When I was a tiny child, before I’d even started going to school, I’d watch and re-watch the first Harry Potter movie every afternoon until the VCR tape inevitably began spilling out of its plastic shell. Somehow, out of all the whimsical spells and wondrous charms in the movie, I found the printed pictures in the wizarding world most fascinating; newspapers, photos, and posters that move and change dynamically. Although we still haven’t quite cracked the code for printing out GIF’s straight to paper, the muggle world isn’t far from replicating this magic with modern technologies. An increasing access to digital screens have allowed for the creation of dynamic, digital ‘posters’ spread across the surfaces of public areas.
I spent a week taking notice of public screens and digital signage around my University, and I was surprised by how many I had not noticed before. Digital displays have such a strong presence in everyday life that the signs around campus are almost camouflaged. These signs were almost exclusively used for advertising and promoting different aspects of Uni life; events, student resources, and on-campus activities. Some also had features like weather forecasts and a news feed, though most did not. In my own experience, I don’t consciously find myself looking at these signs unless they have something that hooks me by my peripheral vision. Again, they blend into the background. When observing those around me I found this level of interaction was common. Though public screens and signage should be great at grabbing attention, they are competing with the constant presence of private screens; smartphones.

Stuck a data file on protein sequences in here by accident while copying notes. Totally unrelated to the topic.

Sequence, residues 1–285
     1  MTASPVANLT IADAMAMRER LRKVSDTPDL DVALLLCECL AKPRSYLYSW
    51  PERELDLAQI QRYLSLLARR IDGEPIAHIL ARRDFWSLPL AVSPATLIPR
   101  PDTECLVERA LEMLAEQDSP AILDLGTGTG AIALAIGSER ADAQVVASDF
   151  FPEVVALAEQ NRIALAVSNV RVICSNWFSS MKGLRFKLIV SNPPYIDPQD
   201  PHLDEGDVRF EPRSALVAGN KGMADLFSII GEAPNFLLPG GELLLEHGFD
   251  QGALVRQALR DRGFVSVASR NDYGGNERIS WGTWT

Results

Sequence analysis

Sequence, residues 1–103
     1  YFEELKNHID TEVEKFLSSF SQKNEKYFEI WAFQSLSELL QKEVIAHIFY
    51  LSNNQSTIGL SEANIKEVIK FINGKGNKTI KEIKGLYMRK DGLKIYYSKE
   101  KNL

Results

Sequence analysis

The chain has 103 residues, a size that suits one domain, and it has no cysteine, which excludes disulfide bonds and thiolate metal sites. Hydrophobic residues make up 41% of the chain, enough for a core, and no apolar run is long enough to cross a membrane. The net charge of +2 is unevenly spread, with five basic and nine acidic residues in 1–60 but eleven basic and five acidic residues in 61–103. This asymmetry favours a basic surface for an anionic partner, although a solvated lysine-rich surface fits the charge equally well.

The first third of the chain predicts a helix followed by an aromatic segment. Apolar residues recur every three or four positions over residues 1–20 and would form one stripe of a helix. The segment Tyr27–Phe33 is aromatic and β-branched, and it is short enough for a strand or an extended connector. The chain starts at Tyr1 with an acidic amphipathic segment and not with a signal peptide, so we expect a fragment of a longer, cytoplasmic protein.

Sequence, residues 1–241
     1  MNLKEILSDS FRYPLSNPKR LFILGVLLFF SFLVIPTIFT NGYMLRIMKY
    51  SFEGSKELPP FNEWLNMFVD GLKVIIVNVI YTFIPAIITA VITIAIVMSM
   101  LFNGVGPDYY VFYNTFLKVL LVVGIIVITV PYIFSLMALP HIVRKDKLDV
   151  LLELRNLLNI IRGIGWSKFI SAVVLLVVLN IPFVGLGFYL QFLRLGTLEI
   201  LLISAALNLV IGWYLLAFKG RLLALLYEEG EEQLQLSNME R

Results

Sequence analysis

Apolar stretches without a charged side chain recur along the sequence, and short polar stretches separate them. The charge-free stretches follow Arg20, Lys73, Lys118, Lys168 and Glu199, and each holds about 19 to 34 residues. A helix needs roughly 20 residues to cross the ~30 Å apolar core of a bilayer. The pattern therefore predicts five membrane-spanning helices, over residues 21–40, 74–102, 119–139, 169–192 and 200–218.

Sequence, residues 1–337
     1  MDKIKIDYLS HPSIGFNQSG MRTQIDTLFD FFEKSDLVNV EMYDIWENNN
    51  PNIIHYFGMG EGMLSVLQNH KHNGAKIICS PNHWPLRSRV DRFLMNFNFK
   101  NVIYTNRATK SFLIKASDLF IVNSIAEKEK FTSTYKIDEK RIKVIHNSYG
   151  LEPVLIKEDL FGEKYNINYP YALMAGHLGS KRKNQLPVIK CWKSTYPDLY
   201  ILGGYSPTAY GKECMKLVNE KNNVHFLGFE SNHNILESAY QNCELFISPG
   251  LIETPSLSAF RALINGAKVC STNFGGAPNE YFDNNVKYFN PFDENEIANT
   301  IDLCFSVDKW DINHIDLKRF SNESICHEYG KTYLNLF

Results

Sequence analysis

Public screens can also be seen on a much larger scale in urban cities across the world. Times Square in New York City is known worldwide for its bright, digitised billboards, which loom overhead of up to 460,000 pedestrians per day. By contrast, some urban cities use public screens for a different purpose to advertising. When going on a trip to Melbourne, I’ll often try to catch a couple games of tennis on the big screen in Federation Square. Urban areas with large public screens like this one become hubs of public intimacy, gathering masses of onlookers to share a viewing experience. Mirjam Struppek discusses the potential uses of public screens in urban planning in their 2006 journal article, with a focus on interactivity and alternative content to advertising. Struppek argues that to create a sustainable network of digital screens within the public sphere, the uses for digital display technologies need to be broadened. They suggest accommodating cultural institutions, or TV broadcasters, and creating more desirable, publicly-intimate spaces around screens in urban settings. By usefully integrating these screens within the space, our cities can become interactive, networked, and sustainable alongside the increased presence of public screens and digital signage.